- The Washington Times - Thursday, January 12, 2006

ISTANBUL — The man who shot Pope John Paul II in 1981 was released from prison yesterday after serving more than 25 years in Italy and Turkey for the plot against the pontiff and the slaying of a Turkish journalist.

To the cheers of nationalist supporters, a white sedan whisked Mehmet Ali Agca — whose attempt to assassinate the pope gained notoriety for himself and shame for his homeland — through the gates of the high-security Kartal Prison as dozens of police officers stood guard. His supporters showered the car with red and yellow flowers.

But Turkey’s Justice Minister Cemil Cicek later said authorities will review Agca’s release to make sure there were no errors in the handling of the complicated case. He said Agca’s release was not “a guaranteed right.”

Agca, 48, wearing a blue sweater and jeans, was freed five years after he was pardoned by Italy and extradited to Turkey. He had served 20 years in prison in Italy, where John Paul forgave him in a visit to his cell in 1983.

“We are happy. We endlessly thank the Turkish state,” said his brother, Adnan.

He said one of the first things Agca wanted to do was order a typical Turkish meal of beans and rice at a restaurant overlooking the Bosporus, the narrow waterway that bisects Istanbul and joins the European and Asian continents.

Immediately after his release, Agca reported to a military recruitment center and a hospital, both routine procedures, said his lawyer, Mustafa Demirbag.

Agca shot the pope as he rode in an open car in St. Peter’s Square in Rome on May 13, 1981, and was captured immediately afterward. John Paul was hit in the abdomen, left hand and right arm but recovered because the bullets missed vital organs. Two years after the shooting, the pope met with Agca in prison and forgave him.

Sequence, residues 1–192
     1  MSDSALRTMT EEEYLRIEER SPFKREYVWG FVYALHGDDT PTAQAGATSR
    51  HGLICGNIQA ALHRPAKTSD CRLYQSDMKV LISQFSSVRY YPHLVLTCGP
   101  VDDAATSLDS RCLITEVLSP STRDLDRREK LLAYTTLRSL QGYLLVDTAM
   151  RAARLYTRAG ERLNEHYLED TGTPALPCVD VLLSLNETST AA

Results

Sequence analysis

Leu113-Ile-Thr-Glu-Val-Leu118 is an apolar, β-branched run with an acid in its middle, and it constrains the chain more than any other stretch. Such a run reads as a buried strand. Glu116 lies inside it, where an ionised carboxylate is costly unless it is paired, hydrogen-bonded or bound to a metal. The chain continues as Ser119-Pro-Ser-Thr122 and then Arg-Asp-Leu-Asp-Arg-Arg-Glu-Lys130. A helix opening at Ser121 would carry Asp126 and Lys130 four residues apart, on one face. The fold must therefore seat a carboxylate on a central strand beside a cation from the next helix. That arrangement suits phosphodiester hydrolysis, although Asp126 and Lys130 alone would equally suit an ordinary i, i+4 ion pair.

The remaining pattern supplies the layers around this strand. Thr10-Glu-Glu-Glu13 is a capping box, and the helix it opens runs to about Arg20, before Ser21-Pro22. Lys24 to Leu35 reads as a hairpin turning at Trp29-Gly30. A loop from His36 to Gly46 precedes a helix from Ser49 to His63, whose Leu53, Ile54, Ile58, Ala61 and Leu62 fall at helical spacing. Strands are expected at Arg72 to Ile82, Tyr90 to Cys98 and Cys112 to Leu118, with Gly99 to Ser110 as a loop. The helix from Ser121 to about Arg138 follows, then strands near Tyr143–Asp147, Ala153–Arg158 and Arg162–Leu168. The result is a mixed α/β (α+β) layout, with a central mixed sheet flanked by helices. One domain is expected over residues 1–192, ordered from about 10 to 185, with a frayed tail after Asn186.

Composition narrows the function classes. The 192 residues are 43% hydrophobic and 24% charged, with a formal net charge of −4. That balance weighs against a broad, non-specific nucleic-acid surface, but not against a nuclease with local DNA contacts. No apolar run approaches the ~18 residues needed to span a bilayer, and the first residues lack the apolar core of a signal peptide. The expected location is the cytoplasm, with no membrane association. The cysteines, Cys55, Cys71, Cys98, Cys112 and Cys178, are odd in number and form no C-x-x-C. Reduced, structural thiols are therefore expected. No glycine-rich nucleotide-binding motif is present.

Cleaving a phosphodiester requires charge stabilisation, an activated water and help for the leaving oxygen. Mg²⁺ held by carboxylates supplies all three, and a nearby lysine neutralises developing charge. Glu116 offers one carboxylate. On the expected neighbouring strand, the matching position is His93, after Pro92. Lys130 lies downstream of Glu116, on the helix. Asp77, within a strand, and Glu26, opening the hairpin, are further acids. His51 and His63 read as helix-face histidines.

His release passed with little notice at the Vatican. The official newspaper L’Osservatore Romano ignored the news and Pope Benedict XVI made no public mention of it.

After Agca was extradited back to Turkey, he was convicted for the killing of a left-wing columnist, Abdi Ipekci, in 1979. A court last week decided to release him on parole based on credit for time served and recent Turkish penal reforms, Mr. Demirbag said.

Many Turks expressed surprise and outrage at the court’s ruling.

“Agca is not just the murderer of my father. … I see him as our national assassin,” Mr. Ipekci’s daughter, Nukhet, said Wednesday in a letter on the front page of her father’s former newspaper, Milliyet.

But hundreds of Agca’s supporters came to Istanbul to celebrate his release.

“He is a family friend. We love him,” said Mustafa Akmercan, one of two Turks who hijacked an Air Malta jetliner in 1997 to demand Agca’s release.

Agca, known in the past for claims he was the Messiah, had met briefly with a psychiatrist who declared him sane enough to stand trial for shooting the pope.

A draft dodger who also escaped from a military prison in 1979, he faces the possibility of being enlisted in the army if he is pronounced fit to serve — although the military generally accepts conscripts under age 41.

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